SES 2011: Studio Shows No Longer Play Second Fiddle
Sports-based studio shows have grown into truly independent productions that often border on full-blown entertainment spectacles. The simple days of a pair of hosts on a soundstage are long gone, forcing producers to rethink the traditional pre-and post-game philosophy. At SVG’s Sports Entertainment Summit in Los Angeles on Tuesday, broadcasters and vendors took the stage to discuss the rapidly changing studio-show format.
Big Games Call for Big Pre-game Shows
No single event highlights the rapidly blurring line between sports and entertainment production than the Super Bowl. In addition to Fox, which will carry the crown jewel of sports programming this year, a host of networks will descend on Cowboys Stadium in Dallas to produce live Super Bowl-related programming.
“We’re about to take our studio show on the road to the NFC Championship. Then, we will take it all apart and go right to Dallas to do the Super Bowl. Then, we take it all apart again, and we go to the Daytona 500,” said Jerry Steinberg, SVP, Field Operations, Fox Sports. “Right after that, they’re going to put me in a [retirement] home.”
Steinberg jokes, but his assessment of the Super Bowl chaos is spot-on, nonetheless. Today’s studio show for high-profile sports events is a maddening production that, in many ways, transcends the game itself. And, in addition to on-site studio shows, events like the Super Bowl also feature red-carpet specials and a host of pre-game concerts.
“The [Super Bowl red-carpet show] is extremely tough mostly because you don’t know when the celebrities are going to be there,” said Fox Sports producer Bill Richards. “We’re trying to get the red-carpet stuff done at least an hour before game time so that we can concentrate on the game leading up to it. But that clashes with the celebrities’ desire to get there as late as possible. It’s not easy, to say the least.”
Michael Dempsey has seen the crossover between sports and entertainment in Super Bowls past, with equally complicated predicaments. This year, his company, Dempsey Productions, will once again produce the Pepsi Super Bowl Fan Jam for VH1. The concert will take place the Thursday before the game, at the Verizon Center near Cowboys Stadium. The following day, the venue will put on Univision’s Super Bowl concert followed by CMT’s pre-game concert on Saturday, creating a severe traffic jam for Dempsey and his crew.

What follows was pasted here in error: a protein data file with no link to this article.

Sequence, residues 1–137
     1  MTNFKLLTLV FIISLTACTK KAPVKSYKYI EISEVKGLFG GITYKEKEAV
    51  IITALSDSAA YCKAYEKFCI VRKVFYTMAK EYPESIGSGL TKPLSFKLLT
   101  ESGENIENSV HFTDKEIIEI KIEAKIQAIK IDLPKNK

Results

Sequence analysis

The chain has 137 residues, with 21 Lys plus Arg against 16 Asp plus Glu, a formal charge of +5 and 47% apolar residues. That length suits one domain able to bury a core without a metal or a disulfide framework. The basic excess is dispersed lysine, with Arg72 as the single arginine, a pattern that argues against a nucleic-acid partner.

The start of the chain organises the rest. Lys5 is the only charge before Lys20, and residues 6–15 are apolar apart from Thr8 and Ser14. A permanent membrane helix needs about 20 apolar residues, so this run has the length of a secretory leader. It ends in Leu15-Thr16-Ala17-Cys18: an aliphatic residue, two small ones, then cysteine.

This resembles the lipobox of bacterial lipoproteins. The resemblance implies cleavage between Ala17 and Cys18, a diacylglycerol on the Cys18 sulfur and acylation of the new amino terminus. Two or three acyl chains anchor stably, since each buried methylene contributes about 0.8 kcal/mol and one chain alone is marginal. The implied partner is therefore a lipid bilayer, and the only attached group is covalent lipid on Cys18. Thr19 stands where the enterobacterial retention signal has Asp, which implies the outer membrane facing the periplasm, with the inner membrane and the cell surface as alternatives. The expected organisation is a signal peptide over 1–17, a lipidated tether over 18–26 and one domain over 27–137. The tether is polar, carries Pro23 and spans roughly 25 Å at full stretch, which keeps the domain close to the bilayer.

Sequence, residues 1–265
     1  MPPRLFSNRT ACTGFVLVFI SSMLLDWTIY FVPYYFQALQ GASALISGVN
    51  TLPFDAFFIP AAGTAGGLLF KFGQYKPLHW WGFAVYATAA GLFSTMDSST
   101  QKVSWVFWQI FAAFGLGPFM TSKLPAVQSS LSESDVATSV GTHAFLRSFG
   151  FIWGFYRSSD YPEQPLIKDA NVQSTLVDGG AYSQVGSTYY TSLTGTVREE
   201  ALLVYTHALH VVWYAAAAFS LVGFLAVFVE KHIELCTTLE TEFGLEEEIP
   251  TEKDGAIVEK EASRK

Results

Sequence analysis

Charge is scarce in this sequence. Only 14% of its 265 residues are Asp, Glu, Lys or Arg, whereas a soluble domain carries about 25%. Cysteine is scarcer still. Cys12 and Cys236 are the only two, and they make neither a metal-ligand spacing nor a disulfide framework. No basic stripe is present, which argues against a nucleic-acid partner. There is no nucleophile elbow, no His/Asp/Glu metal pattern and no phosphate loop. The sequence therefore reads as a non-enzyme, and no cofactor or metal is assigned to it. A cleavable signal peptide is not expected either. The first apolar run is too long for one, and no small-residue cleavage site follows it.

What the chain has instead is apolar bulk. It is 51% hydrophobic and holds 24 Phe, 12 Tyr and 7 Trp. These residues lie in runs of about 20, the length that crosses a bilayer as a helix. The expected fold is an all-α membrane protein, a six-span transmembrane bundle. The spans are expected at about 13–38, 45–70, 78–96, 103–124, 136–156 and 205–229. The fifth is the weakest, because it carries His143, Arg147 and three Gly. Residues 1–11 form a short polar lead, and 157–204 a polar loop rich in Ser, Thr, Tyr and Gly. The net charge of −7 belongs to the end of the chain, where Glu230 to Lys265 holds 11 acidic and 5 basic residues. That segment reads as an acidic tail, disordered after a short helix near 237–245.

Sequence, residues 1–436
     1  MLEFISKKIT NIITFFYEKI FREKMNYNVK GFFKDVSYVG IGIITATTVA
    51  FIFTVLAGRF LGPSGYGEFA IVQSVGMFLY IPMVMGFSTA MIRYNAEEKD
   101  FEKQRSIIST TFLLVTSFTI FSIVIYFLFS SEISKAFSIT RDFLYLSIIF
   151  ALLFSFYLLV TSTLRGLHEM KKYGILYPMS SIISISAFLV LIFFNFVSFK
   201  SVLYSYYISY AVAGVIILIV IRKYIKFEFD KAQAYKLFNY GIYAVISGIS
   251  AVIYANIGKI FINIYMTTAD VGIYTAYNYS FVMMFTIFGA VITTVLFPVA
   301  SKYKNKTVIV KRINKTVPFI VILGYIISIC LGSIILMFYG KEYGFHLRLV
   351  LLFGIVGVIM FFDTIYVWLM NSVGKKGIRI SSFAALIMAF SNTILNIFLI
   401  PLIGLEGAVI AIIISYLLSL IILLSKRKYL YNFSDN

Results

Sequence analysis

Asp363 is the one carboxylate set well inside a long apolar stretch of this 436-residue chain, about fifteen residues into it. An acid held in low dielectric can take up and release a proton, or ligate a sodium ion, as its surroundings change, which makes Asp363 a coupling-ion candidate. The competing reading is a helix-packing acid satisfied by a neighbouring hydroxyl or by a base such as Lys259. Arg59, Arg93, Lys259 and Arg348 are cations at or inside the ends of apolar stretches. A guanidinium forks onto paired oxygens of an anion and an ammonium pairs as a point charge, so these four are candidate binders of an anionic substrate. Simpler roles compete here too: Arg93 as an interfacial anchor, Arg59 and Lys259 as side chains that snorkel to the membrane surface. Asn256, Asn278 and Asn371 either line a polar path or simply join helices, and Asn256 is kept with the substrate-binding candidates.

“[Verizon Center is] not just dealing with me; they’re also dealing with two other shows,” Dempsey pointed out. “So it’s really about communication and not asking for anything over the top that’s going to affect the other shows. You have to be sensible but also make sure they know exactly what you need.”
Buddy-Buddy With Venues
The venue-producer relationship is integral to the success of any remote studio show. In the case of the upcoming Super Bowl, Steinberg has found this relationship to be particularly smooth.
“When it comes to the venues, it’s all about planning and relationships,” he said. “For [the Super Bowl], the people in Dallas at Cowboys Stadium are unusually wonderful. When we say we need to do something, their response is ‘how can we help.’ That is not always the case. At a lot of [venues], the first answer from them to any question is ‘no’ before you even get the question out of your mouth.”
In addition, the venue-vendor relationship also must be amicable, as seen during the US Open tennis tournament in August. USTA Director of Broadcast Operations Steve Gorsuch needed to accommodate a growing number of U.S. and international broadcasters with on-site studio space at the USTA Billie Jean King National Tennis Center.
Gorsuch pinpointed several unconventional locations around the sprawling venue, including the Tennis Channel’s 17-ft.-high stage above the players’ kitchen at Arthur Ashe Stadium and Sky Sports’ lofted stage above the practice courts. To implement the logistics of these complicated sets, Gorsuch brought in Northern Lights Productions.
“I give credit to Steve for coming up with all these different positions,” says Northern Lights President Patrick Santini. “Then, he leaned on us to make those sets actually happen. Steve was able to search out unconventional broadcast space for the different locations. Then, we helped to come up with broadcast-friendly solutions to some of these abstract locations.”
Happy Crew = Quality Production
Every speaker on the studio-show panel agreed on one aspect: morale is the key to any long-term production.
“Morale is a big issue on the road,” said Chris Long, SVP, Entertainment, DirecTV. “When you’re on the Super Bowl, you’re out for two weeks. So you have to keep morale going for two weeks and keep everyone fresh so, when the event does actually arrive, [team members] are not tuckered out.”
Steinberg seconds that notion: “The real key is team building. Our NFL A-game crew has been together for several years, and they love what they do. When we take a pre-game on the road, it’s essentially the same thing. We put together a team that is comfortable with each other and knows how to produce a quality show.”